Monday, May 18, 2015

Renting - Letting you scale up and down your housing as needed


Renting - Worth another look?

This is the second in a series of articles about Housing as a Service. Recently my wife and I sold our condo and started renting again. I believe everyone over the age of 30 at my work owns their own home. Everyone in the local Toronto area, that I took engineering with owns their own home. However, reading other blogs, and my own recent personal experience, has me wanting to research renting more.

How much house do you need in life?

Did you buy as big a house as you could afford in the area you wanted? This is a pretty common behavior. Do you really need that space, for all of the time that you have it?

Consider the following assumptions and graph of how much housing you really need
  1. Children move out when they are 18
  2. Each child has their own room, from the age of 1 (some would consider this a luxury, but let's assume we want to do this)
  3. You have 3 children 
  4. You only need a 1 bedroom dwelling as a single person, and a 2-bedroom as a married couple with no children

This graph is initially based on my own life, where I lived by myself from 2003 until 2012, albeit I had a 2 bedroom dwelling because I drank the real estate "Buy as much as you can" Kool-Aid.

As you can see, your housing requirements definitely move up and down throughout your life. Again, it may be a luxury for each child to have their own bedroom, but let's start with this as an assumption.

Below is a graph of what many people do who buy their "forever" house. Of course, the problem with a forever house... is you're buying enough space to last you forever, whether you need that space right now, or later once your kids have moved out or not.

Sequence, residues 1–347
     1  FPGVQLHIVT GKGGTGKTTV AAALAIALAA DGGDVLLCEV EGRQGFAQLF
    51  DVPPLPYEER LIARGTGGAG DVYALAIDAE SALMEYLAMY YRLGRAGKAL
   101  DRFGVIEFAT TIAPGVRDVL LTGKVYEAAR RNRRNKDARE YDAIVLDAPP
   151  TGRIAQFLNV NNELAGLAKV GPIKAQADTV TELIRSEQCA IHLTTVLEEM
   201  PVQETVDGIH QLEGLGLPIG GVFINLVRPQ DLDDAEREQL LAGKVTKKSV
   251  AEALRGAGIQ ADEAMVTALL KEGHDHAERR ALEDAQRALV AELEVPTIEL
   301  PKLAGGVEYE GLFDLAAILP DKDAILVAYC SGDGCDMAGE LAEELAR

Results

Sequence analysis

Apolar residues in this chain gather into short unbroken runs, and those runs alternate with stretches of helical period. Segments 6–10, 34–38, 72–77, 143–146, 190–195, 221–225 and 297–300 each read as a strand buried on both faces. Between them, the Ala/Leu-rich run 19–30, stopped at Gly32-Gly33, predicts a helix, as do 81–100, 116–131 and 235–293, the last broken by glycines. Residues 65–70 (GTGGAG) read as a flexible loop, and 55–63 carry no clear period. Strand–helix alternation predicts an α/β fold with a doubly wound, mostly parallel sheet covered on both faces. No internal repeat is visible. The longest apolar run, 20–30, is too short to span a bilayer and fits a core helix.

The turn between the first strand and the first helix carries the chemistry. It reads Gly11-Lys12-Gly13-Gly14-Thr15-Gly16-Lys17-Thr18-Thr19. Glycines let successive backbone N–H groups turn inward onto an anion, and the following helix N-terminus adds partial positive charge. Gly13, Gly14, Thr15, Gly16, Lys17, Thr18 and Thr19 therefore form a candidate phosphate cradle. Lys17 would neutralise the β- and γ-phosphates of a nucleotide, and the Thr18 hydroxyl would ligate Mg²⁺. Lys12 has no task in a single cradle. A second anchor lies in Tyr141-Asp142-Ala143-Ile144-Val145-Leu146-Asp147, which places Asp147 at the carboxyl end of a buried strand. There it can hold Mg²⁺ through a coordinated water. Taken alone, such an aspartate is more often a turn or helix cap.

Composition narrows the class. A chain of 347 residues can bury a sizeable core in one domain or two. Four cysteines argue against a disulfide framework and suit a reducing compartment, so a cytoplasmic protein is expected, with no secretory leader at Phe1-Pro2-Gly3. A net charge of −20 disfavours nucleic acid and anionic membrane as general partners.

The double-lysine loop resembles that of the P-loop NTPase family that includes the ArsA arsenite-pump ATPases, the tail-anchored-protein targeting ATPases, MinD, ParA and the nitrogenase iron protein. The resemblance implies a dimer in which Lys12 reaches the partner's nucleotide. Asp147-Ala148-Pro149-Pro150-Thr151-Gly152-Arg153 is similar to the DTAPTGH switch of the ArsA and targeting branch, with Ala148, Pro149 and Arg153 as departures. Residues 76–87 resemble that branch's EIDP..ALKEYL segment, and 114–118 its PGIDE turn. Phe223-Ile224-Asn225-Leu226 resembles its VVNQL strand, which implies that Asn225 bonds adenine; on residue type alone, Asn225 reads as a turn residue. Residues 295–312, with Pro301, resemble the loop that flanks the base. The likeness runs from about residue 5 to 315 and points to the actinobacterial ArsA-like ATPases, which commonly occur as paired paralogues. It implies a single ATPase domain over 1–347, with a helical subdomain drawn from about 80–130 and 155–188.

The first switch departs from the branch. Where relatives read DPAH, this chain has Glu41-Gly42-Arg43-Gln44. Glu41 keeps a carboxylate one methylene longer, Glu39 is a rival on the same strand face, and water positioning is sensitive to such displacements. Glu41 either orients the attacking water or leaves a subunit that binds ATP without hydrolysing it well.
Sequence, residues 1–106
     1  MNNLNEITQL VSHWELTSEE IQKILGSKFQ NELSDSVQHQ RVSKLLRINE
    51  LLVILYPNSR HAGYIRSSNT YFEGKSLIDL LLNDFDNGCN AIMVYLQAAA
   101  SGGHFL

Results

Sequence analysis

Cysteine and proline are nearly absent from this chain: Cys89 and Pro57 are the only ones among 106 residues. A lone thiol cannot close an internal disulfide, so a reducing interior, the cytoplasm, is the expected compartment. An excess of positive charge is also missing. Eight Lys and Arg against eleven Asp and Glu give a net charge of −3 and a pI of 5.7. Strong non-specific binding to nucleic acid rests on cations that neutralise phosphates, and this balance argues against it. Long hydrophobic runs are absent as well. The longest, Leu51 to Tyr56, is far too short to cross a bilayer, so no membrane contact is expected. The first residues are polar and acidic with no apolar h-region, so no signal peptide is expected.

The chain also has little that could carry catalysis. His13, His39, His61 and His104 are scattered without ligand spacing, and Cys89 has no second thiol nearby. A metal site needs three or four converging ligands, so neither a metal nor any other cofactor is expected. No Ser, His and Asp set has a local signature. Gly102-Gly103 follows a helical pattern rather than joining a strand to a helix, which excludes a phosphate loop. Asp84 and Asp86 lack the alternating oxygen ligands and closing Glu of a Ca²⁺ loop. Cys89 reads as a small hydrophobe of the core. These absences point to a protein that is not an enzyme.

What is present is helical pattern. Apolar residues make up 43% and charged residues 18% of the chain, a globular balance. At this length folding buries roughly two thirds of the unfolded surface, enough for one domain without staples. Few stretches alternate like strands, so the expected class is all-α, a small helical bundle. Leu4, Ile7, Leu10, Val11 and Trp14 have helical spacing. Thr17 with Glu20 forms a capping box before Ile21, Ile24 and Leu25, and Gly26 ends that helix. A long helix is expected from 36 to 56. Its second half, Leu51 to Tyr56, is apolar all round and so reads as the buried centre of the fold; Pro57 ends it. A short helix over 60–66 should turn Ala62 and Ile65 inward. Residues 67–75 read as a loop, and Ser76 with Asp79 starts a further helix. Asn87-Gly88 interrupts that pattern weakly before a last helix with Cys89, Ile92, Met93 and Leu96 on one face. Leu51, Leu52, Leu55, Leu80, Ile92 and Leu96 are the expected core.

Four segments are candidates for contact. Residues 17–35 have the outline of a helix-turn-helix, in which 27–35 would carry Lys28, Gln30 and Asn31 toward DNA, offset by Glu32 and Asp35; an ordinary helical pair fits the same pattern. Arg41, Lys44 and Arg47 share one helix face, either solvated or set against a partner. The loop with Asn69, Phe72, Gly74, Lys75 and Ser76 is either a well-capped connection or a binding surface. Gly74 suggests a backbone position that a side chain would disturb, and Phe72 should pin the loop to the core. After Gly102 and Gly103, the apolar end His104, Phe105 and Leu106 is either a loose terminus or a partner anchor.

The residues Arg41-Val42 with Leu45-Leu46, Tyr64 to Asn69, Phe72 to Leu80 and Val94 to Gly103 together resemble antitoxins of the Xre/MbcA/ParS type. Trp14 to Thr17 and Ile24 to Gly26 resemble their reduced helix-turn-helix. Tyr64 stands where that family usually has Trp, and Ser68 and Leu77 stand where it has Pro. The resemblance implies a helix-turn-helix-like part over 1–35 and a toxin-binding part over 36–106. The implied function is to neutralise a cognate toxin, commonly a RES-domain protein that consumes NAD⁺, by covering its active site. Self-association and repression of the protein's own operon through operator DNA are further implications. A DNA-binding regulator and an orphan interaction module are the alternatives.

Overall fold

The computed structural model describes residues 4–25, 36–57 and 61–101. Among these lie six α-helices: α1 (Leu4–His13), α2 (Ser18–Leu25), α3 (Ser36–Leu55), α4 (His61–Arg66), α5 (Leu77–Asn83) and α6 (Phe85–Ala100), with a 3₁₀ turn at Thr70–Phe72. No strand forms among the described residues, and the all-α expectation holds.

The Forever House is based on the following assumptions/ideas:
  1. Once married, we can't live in a 2-bedroom apartment, we have to live in a house
  2. We have to buy a house big enough for all future children we want, so a 4 bedroom place right away
  3. We can't move once the kids are moved out, this is home!
Looking at the 40 year period from 2003 to 2063, we see the following:
  1. The 18, out the door strategy requires: 154 bedroom years
  2. The Forever House strategy requires: 222 bedroom years
This is a difference of  44%, which can work out to hundreds of thousands of dollars

How Does Renting Make a Difference?

We've just seen, that a "Forever Home" is inefficient because you are carrying a lot more house than you need. This leads to higher costs for cleaning, maintenance, and property taxes. If you consider that a home is "wearing out" or needs to be completely renovated regularly to not look dated, then owning more home than you need just means you have more to renovate!

But what does this have to do with renting? There are two strong reasons for a "Forever House", one is transactional cost, the other is "a sense of home". If you insist on owning rather than renting, your transactional costs are very high whenever you sell or buy a new home. Transactional costs are things like:
  • Real estate agent fees (often 2.5%-5% of the cost of the home)
  • Land transfer taxes (currently $32,200 on a median $1,000,000 home in Toronto)
  • Real estate lawyer fees
  • Staging and furniture rental fees
  • Home inspection fees
  • Moving expenses
In contrast, if you rent, and move to a new dwelling your transactional costs are:
  • Moving expenses
The much lower transaction fees, make it possible that you would move as you need more space and as you need less space.

The second reason many people have a "Forever Home" is they are emotionally invested in the home. Many refer to this as the "Pride of Ownership". When you're renting, it's much harder to get emotionally attached because it's not your property. While you may become attached to the community you live in, the house isn't yours and you know it. You're also unlikely to do any renovations on a property that isn't your, so by not being able to completely put your own personal stamp on it, you don't become as emotionally attached.

Conclusion:

Renting drastically lowers your transactional costs, which makes it concieveable you would move to a larger home as you need, and a smaller as your children move out on their own.

Renting also reduces the risk of emotional attachment to a home, which reduces the chance you remain in a place much larger than what you really need.

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